Soylent Muffin!


#1

Seeing as the mixture was so thick and had flour in it after adding the oat powder, I decided to try baking it and seeing what happened. It worked! It was pretty bland, it tastes much better and is much sweeter in drink form. It is also very dense. This could be a way to get solid food if you are trying to stay purely on soylent. I am not sure of the effect on the nutrients by cooking it, perhaps someone else has some thoughts here. I know proteins could denature, but other than the creatine I think that is ok as long as all the amino acids are intact.

I baked it as 325F (163C). I tried 375F (190C) first, but the outside was cooking too quickly. I didn’t time it, just kept checking on it. I will update if I make any more and watch the time.


Soylid! Solid Soylent?
#2

Haha! A neat idea. Could probably fill a large tray, and then just have a bag of muffins on hand to eat periodically throughout the day. :smiley:

Still, doesn’t cooking Soylent destroy some of the essential minerals/nutrients?

If we could get a list of which ones it does, we could make muffins with what’s okay to cook, and take the other supplements in a glass of water or something on the side.


#3

what about trying it as a thin pancake / pikelet / crepe? some cream and strawberry jam on top… nice breakfast :wink:


#4

… does anyone know what putting the ingredients in an extremely hot box does to them? At this point we’re discussing muffin recipes, not soylent anymore.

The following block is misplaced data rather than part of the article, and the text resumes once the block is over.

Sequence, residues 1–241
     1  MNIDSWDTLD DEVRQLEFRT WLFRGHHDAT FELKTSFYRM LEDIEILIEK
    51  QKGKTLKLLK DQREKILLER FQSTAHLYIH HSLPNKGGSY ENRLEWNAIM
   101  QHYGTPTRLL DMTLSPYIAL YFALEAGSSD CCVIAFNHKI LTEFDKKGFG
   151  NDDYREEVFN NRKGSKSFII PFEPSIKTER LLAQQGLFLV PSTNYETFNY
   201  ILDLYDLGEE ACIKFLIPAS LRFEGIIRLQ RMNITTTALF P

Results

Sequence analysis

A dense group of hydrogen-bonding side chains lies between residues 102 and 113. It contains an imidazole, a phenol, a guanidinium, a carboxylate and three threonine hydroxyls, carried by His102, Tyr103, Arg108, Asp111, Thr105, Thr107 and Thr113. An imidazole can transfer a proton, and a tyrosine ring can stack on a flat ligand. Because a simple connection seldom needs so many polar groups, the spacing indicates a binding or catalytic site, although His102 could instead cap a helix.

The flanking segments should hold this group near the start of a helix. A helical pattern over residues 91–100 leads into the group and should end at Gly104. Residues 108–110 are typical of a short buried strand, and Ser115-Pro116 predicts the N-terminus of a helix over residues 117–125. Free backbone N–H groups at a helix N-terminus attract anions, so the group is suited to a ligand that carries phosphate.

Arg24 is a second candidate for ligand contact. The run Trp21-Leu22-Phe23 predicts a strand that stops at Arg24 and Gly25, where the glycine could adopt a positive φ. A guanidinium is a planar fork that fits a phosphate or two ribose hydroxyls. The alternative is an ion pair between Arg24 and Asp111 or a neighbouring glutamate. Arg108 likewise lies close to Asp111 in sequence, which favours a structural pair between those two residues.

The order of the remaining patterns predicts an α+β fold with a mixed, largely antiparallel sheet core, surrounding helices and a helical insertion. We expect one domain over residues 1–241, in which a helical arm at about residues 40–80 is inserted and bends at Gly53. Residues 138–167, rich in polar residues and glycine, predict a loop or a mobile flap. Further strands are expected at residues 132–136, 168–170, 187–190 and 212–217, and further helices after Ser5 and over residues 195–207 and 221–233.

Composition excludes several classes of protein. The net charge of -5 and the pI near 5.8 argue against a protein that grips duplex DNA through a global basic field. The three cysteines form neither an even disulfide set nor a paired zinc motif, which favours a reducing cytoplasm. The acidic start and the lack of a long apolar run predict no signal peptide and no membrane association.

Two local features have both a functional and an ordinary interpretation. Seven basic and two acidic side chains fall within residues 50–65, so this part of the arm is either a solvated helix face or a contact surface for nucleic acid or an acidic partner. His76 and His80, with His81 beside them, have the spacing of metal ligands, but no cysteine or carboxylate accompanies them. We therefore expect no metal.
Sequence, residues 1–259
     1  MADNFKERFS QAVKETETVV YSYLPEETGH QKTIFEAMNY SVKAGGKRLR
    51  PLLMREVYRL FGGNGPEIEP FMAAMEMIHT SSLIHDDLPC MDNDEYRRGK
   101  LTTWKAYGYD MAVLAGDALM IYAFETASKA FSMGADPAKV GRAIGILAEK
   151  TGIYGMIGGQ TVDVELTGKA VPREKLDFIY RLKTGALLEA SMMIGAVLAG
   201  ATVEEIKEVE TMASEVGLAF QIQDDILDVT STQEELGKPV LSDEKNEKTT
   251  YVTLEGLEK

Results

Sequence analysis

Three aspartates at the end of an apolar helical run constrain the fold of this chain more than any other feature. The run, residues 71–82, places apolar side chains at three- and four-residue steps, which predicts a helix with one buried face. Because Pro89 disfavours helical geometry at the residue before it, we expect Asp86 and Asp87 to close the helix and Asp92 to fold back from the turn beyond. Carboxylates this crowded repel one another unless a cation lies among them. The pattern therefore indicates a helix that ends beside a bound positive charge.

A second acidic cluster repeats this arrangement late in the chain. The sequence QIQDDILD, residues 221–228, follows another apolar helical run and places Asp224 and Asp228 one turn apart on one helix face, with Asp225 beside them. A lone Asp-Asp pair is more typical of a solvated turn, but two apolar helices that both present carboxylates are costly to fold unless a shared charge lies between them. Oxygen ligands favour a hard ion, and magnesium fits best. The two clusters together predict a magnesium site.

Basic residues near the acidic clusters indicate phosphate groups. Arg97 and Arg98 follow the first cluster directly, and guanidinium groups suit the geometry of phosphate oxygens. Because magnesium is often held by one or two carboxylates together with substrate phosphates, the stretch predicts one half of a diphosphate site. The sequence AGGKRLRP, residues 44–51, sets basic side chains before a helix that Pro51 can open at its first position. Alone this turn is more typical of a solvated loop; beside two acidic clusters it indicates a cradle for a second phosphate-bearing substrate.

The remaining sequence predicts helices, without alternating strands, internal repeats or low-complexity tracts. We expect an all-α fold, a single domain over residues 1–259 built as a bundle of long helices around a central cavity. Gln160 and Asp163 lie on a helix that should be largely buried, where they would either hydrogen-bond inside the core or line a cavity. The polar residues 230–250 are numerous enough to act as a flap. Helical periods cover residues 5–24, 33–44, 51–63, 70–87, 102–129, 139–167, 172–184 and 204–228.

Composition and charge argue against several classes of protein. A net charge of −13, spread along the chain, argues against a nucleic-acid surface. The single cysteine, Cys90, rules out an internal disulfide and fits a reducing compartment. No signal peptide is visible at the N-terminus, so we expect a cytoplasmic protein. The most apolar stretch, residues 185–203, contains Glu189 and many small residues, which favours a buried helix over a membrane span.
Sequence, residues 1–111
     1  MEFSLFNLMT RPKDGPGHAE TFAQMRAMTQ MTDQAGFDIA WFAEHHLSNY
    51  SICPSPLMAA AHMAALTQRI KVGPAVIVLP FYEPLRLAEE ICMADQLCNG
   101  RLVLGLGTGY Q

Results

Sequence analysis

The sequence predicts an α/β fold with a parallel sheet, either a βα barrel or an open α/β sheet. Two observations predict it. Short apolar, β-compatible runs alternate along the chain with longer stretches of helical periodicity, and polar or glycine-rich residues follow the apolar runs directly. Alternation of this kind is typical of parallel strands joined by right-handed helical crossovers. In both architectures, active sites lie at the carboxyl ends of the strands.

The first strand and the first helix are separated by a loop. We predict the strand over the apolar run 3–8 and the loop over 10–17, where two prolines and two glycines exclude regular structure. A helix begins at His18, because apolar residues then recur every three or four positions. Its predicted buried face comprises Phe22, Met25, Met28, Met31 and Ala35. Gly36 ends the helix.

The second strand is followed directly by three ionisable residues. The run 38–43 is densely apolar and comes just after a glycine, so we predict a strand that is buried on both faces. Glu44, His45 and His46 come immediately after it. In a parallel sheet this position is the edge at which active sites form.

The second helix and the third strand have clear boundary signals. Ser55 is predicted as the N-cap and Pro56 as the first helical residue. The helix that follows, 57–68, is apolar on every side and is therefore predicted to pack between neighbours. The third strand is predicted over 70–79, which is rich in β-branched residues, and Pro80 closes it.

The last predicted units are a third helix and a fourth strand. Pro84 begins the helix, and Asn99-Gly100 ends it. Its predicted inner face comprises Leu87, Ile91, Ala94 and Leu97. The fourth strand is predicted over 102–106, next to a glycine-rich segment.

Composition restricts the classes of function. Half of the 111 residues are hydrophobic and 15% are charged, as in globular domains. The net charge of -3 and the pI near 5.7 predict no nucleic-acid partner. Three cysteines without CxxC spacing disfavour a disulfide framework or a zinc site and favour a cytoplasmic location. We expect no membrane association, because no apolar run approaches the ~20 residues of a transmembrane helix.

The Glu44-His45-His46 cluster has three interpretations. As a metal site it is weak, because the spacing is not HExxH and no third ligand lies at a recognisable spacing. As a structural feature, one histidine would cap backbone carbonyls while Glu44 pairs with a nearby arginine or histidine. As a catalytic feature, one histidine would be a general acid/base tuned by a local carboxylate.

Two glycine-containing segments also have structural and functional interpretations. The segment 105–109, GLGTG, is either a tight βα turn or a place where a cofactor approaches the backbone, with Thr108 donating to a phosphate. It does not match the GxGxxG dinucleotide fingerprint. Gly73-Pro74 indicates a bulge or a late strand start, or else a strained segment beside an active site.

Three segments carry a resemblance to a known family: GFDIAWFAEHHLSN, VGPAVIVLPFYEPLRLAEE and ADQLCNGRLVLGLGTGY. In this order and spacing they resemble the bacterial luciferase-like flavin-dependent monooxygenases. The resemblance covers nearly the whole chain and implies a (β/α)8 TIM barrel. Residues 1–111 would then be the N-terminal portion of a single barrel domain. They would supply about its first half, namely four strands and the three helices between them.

#5

Yeah, that should work @TwilitWave, assuming there is enough that isn’t affected by the heat to keep them solid it should allow for a combination solid liquid diet.

@Ado, they actually might be better in that form because they are so dense, although adding cream or jam does defeat the purpose a little bit.

I have done a little bit of research and will try to do some more later today. It looks like there are some amino acids that are destroyed with heat, but that is probably ok as long as you are only cooking some of your protein. I am not worried about the carbs, I think they should all be fine. I suppose it could change the glycemic index though. All of the elements(minerals) shouldn’t be affected by heat(if someone causes transmutation I think they should stop trying to mix their soylent with a particle accelerator). So, this leaves the fat, vitamins and any non-essential nutrient additions for more research.


#6

I’m pretty sure Vitamins do get lost!


#7

I found a table with the effect of heat on vitamins. It doesn’t have any sources listed though. http://www.beyondveg.com/tu-j-l/raw-cooked/raw-cooked-2e.shtml

If you want to eat some soylent muffins in addition to drinking soylent, you would probably be ok to just add some extra of the vitamins that are affected by heat. If you want to just eat muffins, then you should do more research.

I think I am going to try eating one or two a day. I am going to see if I can make a sort of powdered sugar frosting from dextrose and vanilla whey to make them a little tastier.


#8

This could actually increase the bioavailability of the oat based nutrients, what with that whole phytic acid thing that people keep talking about, though it may be a trade-off.


#9

Oats actually don’t have much in the way of vitamins, at least according to this. If you’re getting your vitamins from supplements, cooking the Soylent shouldn’t make any difference.

I assume that cooking doesn’t hurt the minerals, since they’re atomic elements. Anyone know how much baking removes phytic acid, damages fat, or affects choline?


#10

Instead of baking them in the oven at “high” temperature, you could try making microwave-muffins. Much faster as well.